Poe’s Law states that a good parody of religious fundamentalism is hard to tell from the real thing. I’m starting to think there is a similar law that applies to alternative medicine. For example, read the two pieces I’ve quoted below and see if you can guess (no cheating!) which one you think is of the real claimed to be real healing modality, and which is the parody. They are both similar in that they propose healing techniques that are applied to a doll, rather than to the actual person under treatment. It’s a bit like voodoo – you treat the doll not the person. Except I think voodoo spells are supposed to make the person ill, while this is supposed to make the person better.
Here they are. I have changed the names of the two therapies to example 1 and example 2. Here’s the first:
In a typical therapy session, the [example 1] practitioner uses a small human anatomical model as an energetic representation of the patient, tapping on targeted points on the model with a lightweight magnetic hammer. The practitioner directs chi to blockage points corresponding to the patient’s condition, breaking down resistance at these points. As blood flow, neural transmission, and hormone reception are restored, the body is then able to heal.
And the distance between the patient and the therapist makes no difference. The patient and therapist connect when they are on the phone together, in the same room together, on the same planet together, or on different planets together. The togetherness is the constant, because we are all “connected” by an invisible energy field in our universe. We are all swimming in this energy field together. Quantum physics simply calls distance healing a “non-local event.”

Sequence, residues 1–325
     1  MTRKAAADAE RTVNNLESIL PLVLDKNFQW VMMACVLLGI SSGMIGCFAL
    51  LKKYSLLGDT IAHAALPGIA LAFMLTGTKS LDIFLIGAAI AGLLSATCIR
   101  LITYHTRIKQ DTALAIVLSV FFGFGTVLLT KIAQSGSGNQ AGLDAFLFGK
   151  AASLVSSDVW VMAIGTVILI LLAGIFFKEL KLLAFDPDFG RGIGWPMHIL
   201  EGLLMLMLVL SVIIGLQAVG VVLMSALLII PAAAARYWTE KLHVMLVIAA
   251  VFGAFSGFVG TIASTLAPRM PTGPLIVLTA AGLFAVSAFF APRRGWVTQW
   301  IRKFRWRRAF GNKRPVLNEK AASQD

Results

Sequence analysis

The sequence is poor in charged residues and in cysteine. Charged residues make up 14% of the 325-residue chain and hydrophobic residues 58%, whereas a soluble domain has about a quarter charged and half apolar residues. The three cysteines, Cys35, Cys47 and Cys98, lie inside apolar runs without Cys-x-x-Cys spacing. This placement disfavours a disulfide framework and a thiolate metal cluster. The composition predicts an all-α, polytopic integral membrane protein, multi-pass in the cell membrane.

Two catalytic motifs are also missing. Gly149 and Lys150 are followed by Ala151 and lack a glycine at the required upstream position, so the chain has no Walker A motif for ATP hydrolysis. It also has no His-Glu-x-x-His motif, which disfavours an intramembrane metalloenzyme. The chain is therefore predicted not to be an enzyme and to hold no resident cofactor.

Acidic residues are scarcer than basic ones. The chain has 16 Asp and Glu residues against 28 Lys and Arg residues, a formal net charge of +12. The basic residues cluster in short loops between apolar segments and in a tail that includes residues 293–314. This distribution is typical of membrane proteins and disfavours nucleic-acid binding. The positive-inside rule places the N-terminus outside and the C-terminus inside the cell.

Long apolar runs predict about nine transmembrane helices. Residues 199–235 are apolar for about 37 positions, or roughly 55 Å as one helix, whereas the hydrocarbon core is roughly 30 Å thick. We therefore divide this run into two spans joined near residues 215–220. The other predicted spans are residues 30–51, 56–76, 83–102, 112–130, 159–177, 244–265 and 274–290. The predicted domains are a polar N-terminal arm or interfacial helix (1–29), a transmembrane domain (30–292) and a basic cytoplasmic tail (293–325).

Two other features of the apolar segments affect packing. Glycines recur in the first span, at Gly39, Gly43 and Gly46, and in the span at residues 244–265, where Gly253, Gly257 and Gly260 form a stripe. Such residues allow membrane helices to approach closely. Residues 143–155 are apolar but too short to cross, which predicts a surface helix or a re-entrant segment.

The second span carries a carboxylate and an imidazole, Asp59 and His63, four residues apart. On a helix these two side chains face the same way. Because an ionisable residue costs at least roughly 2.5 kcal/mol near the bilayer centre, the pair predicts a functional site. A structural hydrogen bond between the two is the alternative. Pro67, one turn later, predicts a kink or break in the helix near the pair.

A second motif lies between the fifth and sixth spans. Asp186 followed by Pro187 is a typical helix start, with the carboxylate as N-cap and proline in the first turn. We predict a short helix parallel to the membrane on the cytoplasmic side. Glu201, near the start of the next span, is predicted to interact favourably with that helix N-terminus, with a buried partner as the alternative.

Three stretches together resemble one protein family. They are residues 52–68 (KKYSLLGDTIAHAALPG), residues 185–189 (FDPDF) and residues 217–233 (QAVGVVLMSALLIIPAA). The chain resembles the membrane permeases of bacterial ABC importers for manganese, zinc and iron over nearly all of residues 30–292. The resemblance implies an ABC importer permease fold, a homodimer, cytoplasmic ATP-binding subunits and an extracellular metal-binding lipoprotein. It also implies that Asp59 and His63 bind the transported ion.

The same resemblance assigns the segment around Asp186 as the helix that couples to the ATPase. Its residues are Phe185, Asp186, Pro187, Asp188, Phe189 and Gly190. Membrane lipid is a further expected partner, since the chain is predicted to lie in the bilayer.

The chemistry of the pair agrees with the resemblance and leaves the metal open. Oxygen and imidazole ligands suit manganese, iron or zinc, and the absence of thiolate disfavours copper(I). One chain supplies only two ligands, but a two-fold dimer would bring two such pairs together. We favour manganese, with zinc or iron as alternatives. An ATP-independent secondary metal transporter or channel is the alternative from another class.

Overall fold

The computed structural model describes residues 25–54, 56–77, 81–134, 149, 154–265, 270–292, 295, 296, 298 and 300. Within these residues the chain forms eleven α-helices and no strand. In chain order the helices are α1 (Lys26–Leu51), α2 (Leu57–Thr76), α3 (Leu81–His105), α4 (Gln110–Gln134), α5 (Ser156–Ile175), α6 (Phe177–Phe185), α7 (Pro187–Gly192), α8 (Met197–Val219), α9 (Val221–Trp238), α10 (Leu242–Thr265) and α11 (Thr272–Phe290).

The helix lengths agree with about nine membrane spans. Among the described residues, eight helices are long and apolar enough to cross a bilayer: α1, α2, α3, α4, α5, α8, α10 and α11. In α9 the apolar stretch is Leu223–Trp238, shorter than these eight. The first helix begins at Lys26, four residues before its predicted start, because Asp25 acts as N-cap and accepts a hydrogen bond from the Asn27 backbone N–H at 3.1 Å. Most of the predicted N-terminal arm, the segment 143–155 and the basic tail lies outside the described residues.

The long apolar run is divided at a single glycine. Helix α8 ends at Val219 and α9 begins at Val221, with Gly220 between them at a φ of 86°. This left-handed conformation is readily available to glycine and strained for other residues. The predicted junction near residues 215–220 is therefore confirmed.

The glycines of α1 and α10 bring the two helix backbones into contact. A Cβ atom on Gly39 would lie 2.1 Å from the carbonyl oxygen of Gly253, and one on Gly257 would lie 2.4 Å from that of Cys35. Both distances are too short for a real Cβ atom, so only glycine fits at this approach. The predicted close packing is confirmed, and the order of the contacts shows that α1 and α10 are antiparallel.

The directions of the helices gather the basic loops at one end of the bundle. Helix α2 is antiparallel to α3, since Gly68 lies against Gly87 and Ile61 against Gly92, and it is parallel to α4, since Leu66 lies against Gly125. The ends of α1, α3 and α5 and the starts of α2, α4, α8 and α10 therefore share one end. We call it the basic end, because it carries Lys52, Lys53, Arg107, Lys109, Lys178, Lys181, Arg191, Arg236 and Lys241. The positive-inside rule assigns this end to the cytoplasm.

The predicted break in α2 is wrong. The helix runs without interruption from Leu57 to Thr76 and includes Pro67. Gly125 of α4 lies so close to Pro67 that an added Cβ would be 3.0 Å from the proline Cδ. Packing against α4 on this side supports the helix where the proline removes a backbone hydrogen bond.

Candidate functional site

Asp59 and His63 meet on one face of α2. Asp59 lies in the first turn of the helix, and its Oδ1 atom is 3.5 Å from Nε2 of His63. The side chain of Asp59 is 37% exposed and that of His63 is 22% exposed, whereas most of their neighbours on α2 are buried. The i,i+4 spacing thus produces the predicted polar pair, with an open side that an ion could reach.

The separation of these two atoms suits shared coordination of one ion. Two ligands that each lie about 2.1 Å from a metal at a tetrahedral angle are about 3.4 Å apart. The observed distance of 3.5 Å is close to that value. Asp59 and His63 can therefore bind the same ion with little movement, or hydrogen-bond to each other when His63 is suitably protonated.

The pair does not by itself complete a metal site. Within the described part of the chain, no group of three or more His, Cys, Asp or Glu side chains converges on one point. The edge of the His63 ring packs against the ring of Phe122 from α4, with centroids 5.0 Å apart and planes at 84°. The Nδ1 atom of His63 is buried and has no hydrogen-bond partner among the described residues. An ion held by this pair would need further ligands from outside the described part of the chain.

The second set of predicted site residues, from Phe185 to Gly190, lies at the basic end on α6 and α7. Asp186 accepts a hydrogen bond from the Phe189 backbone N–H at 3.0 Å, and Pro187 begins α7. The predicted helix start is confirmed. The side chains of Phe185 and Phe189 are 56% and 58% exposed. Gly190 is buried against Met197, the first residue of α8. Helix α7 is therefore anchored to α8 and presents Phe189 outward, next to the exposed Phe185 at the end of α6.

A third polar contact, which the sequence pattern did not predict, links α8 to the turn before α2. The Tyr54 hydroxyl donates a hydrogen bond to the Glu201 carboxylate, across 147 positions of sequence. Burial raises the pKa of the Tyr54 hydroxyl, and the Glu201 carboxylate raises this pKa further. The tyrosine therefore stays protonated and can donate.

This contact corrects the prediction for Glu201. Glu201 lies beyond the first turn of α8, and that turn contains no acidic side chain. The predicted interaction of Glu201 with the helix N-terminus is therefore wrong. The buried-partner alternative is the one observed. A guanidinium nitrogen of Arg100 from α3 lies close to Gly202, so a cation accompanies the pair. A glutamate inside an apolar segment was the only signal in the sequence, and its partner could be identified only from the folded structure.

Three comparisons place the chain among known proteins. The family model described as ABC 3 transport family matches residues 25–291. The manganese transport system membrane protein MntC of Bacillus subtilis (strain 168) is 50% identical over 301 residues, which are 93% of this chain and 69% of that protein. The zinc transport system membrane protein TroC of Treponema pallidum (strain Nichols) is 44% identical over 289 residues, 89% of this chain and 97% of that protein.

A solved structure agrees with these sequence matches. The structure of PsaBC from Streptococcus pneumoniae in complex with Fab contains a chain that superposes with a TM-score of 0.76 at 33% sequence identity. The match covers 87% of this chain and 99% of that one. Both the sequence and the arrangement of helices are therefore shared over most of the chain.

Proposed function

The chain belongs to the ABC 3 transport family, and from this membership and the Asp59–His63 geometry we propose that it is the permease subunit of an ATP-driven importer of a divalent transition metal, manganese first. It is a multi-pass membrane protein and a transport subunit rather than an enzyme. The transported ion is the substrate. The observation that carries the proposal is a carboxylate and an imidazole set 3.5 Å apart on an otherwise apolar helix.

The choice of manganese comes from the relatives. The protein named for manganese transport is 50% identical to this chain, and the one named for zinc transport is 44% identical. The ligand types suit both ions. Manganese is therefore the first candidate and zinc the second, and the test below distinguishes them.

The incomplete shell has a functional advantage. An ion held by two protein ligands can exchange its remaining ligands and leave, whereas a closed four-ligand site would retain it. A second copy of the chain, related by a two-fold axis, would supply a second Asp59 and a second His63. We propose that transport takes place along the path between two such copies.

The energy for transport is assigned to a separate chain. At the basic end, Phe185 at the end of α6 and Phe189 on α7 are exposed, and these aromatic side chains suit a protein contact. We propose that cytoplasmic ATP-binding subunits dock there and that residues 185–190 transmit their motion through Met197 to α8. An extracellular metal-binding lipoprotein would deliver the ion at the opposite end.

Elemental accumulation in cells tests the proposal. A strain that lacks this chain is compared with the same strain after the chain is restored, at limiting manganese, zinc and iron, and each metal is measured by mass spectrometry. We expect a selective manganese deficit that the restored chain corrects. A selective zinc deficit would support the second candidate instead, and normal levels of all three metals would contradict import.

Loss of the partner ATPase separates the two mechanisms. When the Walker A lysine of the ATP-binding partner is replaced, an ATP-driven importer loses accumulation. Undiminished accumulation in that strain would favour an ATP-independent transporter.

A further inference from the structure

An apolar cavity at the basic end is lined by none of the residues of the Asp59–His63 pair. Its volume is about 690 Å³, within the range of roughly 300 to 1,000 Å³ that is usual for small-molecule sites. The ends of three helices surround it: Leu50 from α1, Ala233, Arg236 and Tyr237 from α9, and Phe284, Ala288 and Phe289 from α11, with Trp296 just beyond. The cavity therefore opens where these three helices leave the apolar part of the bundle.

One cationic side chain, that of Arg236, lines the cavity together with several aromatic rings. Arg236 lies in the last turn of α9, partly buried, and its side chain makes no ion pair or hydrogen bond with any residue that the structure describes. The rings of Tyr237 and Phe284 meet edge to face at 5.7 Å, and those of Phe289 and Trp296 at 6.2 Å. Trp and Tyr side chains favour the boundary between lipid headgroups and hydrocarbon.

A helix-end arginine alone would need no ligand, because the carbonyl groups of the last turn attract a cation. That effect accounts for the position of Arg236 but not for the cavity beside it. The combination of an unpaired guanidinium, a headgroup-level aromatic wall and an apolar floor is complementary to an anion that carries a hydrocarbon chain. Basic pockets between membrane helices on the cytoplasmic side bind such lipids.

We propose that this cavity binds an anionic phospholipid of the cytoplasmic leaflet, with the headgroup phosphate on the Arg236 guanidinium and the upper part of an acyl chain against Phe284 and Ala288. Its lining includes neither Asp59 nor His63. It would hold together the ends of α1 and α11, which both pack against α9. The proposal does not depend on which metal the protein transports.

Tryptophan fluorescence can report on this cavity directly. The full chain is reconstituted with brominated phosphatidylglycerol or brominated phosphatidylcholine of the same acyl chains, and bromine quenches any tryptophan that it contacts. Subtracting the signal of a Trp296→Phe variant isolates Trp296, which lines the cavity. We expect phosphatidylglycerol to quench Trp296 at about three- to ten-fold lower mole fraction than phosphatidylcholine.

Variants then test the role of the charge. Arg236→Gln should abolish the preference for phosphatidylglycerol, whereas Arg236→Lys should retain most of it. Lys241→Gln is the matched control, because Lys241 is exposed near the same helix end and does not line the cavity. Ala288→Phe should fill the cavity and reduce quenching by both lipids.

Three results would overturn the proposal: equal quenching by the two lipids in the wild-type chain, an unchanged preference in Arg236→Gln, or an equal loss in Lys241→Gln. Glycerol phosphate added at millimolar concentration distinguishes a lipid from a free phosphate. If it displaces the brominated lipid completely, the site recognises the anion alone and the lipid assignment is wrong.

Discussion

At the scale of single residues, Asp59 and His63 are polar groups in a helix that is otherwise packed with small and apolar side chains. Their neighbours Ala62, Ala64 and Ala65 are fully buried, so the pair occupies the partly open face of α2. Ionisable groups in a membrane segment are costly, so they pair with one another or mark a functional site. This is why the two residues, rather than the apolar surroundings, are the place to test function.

And the second:
The principle of [example 2] healing is simple. As ‘like affects like’, an appropriately manufactured and treated wax doll or cloth puppet may substitute for the patient, and manipulations performed on the doll substitute for those performed on the patient. Techniques of visualisation and channelling of healing are easy to learn, and it is possible to combine [example 2] with ‘conventional’ or allopathic medicine simply by administering the medicine to the doll rather than to the patient.
The image may be identified with its subject by the embedding of ousia – items connected with the subject such as a hair or nail clipping, or even a blood sample. This greatly enhances the therapeutic effects of [example 2] procedures, and in particular allows the practice of [example 2] at considerable distances from the patient, even over the telephone or the Internet.
Well? Personally I find it hard to believe they aren’t both parodies. In fact, example 2 is from the The British Veterinary Voodoo Society – a spoof site started by some veterinarians in the UK who were incensed that the British Royal College of Veterinary Surgeons (RCVS) sanctions treatment of sick animals with homeopathy. The joke is that if you think homeopathy works, you might as well try voodoo. I wrote about The British Veterinary Voodoo Society before.
However, example1 is a therapy that its proponents seriously claim to be real – Tong Ren. Click that link if you must but be warned – the stupid on that site will kill your brain cells.
I don’t need to write any more on this because fortunately Orac already delved into this in much more detail that I would have had the patience for, and this morning posted Tong Ren: An unholy union of acupuncture and voodoo. I have to say, after reading the first part of Orac’s post, I got the feeling the Tong Ren site was a parody, and I clicked over there convinced that Orac had been fooled into debunking a spoof site. After a while though, I decided it was genuine, incredible though that is. I guess we do need a Poe’s Law for SCAM.